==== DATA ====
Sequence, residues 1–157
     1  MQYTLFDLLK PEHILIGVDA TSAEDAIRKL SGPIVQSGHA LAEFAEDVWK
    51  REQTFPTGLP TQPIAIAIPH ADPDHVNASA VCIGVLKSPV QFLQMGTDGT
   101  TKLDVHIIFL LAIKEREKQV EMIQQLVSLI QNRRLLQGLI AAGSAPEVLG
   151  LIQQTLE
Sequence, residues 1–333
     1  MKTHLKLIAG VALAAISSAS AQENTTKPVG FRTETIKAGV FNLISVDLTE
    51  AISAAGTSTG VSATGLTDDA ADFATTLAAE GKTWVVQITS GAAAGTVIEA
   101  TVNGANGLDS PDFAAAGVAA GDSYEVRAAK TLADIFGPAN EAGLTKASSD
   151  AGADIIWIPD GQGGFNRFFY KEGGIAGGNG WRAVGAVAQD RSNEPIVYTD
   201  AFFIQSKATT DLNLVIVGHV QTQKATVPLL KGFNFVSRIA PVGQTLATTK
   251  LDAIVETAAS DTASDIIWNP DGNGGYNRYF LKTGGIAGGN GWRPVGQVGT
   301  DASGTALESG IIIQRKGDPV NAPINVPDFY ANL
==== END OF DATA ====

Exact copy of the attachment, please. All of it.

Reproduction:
Sequence, residues 1–157
     1  MQYTLFDLLK PEHILIGVDA TSAEDAIRKL SGPIVQSGHA LAEFAEDVWK
    51  REQTFPTGLP TQPIAIAIPH ADPDHVNASA VCIGVLKSPV QFLQMGTDGT
   101  TKLDVHIIFL LAIKEREKQV EMIQQLVSLI QNRRLLQGLI AAGSAPEVLG
   151  LIQQTLE
Sequence, residues 1–333
     1  MKTHLKLIAG VALAAISSAS AQENTTKPVG FRTETIKAGV FNLISVDLTE
    51  AISAAGTSTG VSATGLTDDA ADFATTLAAE GKTWVVQITS GAAAGTVIEA
   101  TVNGANGLDS PDFAAAGVAA GDSYEVRAAK TLADIFGPAN EAGLTKASSD
   151  AGADIIWIPD GQGGFNRFFY KEGGIAGGNG WRAVGAVAQD RSNEPIVYTD
   201  AFFIQSKATT DLNLVIVGHV QTQKATVPLL KGFNFVSRIA PVGQTLATTK
   251  LDAIVETAAS DTASDIIWNP DGNGGYNRYF LKTGGIAGGN GWRPVGQVGT
   301  DASGTALESG IIIQRKGDPV NAPINVPDFY ANL